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Author: Rob Thornton

The Green Shank

Miklós Radnóti, marched from forced labour

in Yugoslavia back into Hungary, came to rest

near a bend in the Radca, at what his translator

describes as “a strange lonely place” where

the tributary joins “the great river,” a marshland

watched over by willows and “high circling birds.”

Condors perhaps—they appear in the notes and

poems he was writing—under a foamy sky.

Huddled in a trench with the body of a friend

who’d been shot in the neck, he wrote with a pencil

stub in his notebook: patience flowers into death.

His wife’s face bloomed in his head.

Thinking of the petals of crushed flowers

floating in a wake of perfume, he wrote to caress her

neck. The fascists’ bullets wiped out his patience.

His written petals survive.

Today, we listen to the news of war

here in a river sanctuary my wife’s unbending

will has created—horizontal slats of cedar, verticals

of glass—a Mondrian chapel of light.

This afternoon just before dark the first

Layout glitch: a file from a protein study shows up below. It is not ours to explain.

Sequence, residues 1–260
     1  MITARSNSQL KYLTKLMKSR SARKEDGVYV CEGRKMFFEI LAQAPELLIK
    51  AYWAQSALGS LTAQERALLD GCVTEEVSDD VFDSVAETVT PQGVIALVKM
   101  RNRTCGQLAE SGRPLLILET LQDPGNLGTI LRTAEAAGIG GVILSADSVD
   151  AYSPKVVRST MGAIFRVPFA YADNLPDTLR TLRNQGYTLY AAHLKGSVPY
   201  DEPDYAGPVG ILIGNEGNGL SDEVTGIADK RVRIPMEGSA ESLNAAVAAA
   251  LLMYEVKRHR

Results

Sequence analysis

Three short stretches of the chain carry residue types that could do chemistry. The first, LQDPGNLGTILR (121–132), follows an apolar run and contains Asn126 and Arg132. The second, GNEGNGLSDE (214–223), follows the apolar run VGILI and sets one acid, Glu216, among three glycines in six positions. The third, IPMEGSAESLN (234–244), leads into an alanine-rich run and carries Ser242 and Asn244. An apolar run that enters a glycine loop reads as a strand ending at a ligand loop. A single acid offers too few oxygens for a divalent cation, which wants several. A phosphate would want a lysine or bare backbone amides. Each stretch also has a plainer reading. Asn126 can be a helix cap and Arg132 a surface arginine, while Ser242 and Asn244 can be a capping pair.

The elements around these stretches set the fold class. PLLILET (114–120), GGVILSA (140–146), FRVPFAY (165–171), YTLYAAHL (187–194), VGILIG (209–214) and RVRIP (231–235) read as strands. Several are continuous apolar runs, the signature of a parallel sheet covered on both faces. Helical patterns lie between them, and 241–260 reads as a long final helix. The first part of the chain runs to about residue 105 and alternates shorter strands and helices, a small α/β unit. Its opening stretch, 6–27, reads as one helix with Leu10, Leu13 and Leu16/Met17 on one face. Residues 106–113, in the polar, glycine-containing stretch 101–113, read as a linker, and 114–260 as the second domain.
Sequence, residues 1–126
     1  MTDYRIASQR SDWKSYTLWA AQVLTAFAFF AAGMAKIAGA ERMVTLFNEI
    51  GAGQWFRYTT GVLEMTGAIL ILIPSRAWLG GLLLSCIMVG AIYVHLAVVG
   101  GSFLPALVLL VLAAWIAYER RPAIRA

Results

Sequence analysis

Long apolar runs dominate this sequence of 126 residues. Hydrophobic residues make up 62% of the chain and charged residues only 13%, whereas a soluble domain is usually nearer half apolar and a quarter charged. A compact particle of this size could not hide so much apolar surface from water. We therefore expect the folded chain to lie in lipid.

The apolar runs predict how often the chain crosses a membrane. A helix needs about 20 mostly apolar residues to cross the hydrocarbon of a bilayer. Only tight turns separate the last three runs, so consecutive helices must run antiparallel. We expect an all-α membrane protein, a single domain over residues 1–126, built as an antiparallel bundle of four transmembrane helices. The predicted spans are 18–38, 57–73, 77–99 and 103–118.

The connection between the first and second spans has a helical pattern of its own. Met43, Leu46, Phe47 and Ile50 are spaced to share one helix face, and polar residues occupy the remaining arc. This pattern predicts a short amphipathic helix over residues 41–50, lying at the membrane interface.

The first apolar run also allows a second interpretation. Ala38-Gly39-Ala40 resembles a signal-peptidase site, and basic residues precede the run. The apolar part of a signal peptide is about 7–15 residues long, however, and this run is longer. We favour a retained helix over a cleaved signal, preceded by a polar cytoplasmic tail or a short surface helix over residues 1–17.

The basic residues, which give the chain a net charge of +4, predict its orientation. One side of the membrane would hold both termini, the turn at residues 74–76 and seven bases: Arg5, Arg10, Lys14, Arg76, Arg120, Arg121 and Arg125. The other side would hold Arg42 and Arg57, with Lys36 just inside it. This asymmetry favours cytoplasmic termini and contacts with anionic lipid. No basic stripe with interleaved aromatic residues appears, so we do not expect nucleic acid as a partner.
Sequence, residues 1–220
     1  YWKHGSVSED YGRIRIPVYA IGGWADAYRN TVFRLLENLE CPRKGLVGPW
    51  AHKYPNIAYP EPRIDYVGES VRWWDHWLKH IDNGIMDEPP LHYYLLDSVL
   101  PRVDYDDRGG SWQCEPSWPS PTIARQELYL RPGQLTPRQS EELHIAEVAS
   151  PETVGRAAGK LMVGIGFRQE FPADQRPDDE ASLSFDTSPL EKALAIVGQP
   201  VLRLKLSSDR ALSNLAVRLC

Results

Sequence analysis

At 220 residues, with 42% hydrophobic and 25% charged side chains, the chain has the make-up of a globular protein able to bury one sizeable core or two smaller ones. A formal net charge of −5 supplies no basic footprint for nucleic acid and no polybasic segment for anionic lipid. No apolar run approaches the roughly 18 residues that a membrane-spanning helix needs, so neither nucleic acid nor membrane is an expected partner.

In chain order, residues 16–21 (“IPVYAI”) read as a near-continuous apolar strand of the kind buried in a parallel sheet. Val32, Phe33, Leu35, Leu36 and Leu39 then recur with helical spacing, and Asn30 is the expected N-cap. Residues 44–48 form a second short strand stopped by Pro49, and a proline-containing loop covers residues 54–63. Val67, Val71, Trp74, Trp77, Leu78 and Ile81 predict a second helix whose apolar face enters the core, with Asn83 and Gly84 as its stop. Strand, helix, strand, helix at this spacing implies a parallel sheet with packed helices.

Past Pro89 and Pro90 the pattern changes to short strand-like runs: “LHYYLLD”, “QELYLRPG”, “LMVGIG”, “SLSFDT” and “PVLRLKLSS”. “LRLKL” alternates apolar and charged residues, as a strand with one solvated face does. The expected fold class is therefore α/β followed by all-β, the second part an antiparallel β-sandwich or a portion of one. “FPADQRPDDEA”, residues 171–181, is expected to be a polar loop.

greenshank arrived from the Hebrides.

Ignorant of human borders, its migration

technology is simple: feathers

and fish-fuel, cryptic colour and homing

instinct. This elegant wader landed on a mooring,

got ruffled in the westerly, then took off again,

an acrobatic twister, and levelled down

onto a mudflat—a lone figure that dashed across

the shore, stood on one leg, then, conducting

its song with its bill, came forward

in a high-stepping dance.

from The Goldfinches of BaghdadFind more by Robert Adamson at the library

Copyright © 2006 Robert Adamson
Used with the permission of Flood Editions.

This program is supported in part by a grant from the Idaho Humanities Council, a State-based program of the National Endowment for the Humanities.

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